COLUMBIA, SC – June 3, 3009 – State Superintendent of Education Jim Rex said that South Carolina hopes to participate to whatever extent possible in a national effort announced today that aims to develop common academic standards in mathematics and English language arts.
The state cannot officially join the Common Core State Standards Initiative, sponsored by the National Governors Association and the Council of Chief State School Officers, because Gov. Mark Sanford refused to co-sign South Carolina’s application with Rex.
Governors and state education superintendents from 46 states and three U.S. territories formally signed on to the state-led process to develop a common core of state standards that will be research and evidence-based, internationally benchmarked and aligned with college and work expectations. South Carolina, Alaska, Texas and Missouri are the only states not yet admitted.
I’ve been assured by CCSSO that South Carolina will not be excluded from these worthwhile discussions due to the governor’s refusal, Rex said. In today’s global economy, the idea of each state having its own unique academic standards makes very little sense.
Even so, this isn’t a top-down federal mandate. It’s a collective effort of the states, which can adapt the common core standards to their individual situations and timelines.
Vermont Gov. Jim Douglas, NGA’s vice chairman, said American students must be better prepared to compete with students from around the world if the nation is to maintain its competitive edge.
Common standards that allow us to internationally benchmark our students’ performance with other top countries have the potential to bring about a real and meaningful transformation of our education system to the benefit of all Americans, Douglas said.
The Common Core State Standards Initiative builds on recent efforts of leading organizations and states that have focused on developing college- and career-ready standards and ensures that these standards can be internationally benchmarked to top-performing countries around the world. The goal is to have a common core of state standards that states can voluntarily adopt. States may choose to include additional standards beyond the common core as long as the common core represents at least 85 percent of the state’s standards in English language arts and mathematics.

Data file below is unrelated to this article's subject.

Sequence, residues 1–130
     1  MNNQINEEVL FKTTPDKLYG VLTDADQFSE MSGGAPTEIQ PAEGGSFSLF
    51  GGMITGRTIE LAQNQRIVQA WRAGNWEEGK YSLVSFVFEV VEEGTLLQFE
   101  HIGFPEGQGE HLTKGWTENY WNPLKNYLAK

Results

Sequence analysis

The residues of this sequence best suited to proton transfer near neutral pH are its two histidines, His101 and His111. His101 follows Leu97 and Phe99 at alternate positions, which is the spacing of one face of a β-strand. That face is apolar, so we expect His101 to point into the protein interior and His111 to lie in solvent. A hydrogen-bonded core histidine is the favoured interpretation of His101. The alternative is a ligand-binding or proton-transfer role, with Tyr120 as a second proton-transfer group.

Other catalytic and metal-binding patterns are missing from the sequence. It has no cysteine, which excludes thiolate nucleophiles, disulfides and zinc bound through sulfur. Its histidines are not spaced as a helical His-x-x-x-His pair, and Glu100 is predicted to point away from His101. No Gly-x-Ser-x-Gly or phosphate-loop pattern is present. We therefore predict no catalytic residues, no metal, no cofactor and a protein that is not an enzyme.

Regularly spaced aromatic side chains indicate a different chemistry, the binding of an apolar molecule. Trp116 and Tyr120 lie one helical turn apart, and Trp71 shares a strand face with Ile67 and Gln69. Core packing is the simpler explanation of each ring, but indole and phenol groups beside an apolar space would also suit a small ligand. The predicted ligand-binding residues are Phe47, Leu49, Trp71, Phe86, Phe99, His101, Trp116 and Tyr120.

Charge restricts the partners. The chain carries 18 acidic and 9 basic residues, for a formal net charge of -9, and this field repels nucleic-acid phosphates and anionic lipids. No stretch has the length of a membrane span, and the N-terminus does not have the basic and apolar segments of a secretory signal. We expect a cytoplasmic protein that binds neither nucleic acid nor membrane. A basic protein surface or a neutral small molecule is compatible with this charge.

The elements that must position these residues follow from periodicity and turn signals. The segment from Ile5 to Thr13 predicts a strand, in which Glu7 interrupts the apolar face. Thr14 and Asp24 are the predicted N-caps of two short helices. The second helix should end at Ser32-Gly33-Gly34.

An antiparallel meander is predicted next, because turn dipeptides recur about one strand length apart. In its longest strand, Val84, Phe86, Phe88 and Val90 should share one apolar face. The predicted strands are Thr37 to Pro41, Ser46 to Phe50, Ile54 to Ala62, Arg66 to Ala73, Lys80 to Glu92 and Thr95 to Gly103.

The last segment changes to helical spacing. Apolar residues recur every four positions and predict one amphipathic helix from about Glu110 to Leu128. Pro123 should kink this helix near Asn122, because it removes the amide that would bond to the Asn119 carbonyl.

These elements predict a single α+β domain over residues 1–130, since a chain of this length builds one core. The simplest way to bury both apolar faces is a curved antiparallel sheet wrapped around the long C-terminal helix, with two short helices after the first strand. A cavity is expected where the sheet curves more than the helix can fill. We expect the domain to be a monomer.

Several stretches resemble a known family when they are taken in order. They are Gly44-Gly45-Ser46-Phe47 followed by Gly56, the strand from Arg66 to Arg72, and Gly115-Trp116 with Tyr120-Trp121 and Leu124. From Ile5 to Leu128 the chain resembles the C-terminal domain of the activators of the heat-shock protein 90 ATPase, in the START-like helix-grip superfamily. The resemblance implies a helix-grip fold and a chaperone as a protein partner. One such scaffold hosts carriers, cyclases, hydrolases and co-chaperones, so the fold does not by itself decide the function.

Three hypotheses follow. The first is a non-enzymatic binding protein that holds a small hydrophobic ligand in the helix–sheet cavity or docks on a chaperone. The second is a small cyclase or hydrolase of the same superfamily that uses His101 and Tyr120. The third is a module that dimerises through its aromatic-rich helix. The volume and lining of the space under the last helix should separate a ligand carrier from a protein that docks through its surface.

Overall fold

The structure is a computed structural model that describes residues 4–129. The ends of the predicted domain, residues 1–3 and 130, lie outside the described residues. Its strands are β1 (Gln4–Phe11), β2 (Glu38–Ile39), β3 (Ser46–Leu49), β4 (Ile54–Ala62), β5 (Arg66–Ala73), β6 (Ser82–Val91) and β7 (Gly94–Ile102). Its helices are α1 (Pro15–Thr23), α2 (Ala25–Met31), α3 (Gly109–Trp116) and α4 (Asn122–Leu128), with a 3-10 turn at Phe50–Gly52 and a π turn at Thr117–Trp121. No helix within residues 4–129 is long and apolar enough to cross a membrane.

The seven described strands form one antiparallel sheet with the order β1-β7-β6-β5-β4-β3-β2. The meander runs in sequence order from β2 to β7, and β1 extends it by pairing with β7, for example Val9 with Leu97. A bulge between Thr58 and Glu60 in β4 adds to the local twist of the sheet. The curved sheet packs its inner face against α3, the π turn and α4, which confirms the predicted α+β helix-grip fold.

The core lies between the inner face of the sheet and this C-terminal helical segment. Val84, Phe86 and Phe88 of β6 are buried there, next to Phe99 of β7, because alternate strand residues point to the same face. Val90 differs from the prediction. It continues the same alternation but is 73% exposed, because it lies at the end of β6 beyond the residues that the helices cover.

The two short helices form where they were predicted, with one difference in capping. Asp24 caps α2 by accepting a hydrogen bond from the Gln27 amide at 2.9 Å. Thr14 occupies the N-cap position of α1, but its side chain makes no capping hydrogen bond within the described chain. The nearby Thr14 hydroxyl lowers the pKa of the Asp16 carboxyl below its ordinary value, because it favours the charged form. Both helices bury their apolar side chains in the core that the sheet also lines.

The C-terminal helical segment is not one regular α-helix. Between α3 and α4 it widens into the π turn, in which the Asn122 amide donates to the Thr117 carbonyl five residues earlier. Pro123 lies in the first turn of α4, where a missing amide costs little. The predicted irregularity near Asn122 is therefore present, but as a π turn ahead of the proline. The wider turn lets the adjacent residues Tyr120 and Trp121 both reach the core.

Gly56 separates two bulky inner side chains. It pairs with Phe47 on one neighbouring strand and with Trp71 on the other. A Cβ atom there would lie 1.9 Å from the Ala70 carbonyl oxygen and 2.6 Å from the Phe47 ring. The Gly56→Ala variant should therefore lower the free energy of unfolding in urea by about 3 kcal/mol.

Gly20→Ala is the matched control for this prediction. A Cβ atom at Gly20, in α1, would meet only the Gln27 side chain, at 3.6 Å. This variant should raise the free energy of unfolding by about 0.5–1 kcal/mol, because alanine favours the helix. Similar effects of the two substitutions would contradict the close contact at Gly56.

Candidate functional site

Measuring our students against international benchmarks is an important step, said Virginia Gov. Timothy Kaine. Today, we live in a world without borders. It not only matters how Virginia students compare to those in surrounding states – it matters how we compete with countries across the world.
The NGA and CCSSO are coordinating the process to develop these standards and have created an expert validation committee to provide an independent review of the common core state standards, as well as the grade-by-grade standards. This committee will be composed of nationally and internationally recognized and trusted education experts who are neutral to – and independent of – the process. The college- and career-ready standards are expected to be completed in July; grade-by-grade standards work is expected to be completed in December.
Founded in 1908, the NGA is the collective voice of the nation’s governors. Its members are the governors of the 50 states, three territories and two commonwealths. CCSSO is a nonpartisan nonprofit organization of public officials who head departments of elementary and secondary education in the states, the District of Columbia, the Department of Defense Education Activity, and five U.S. extra-state jurisdictions.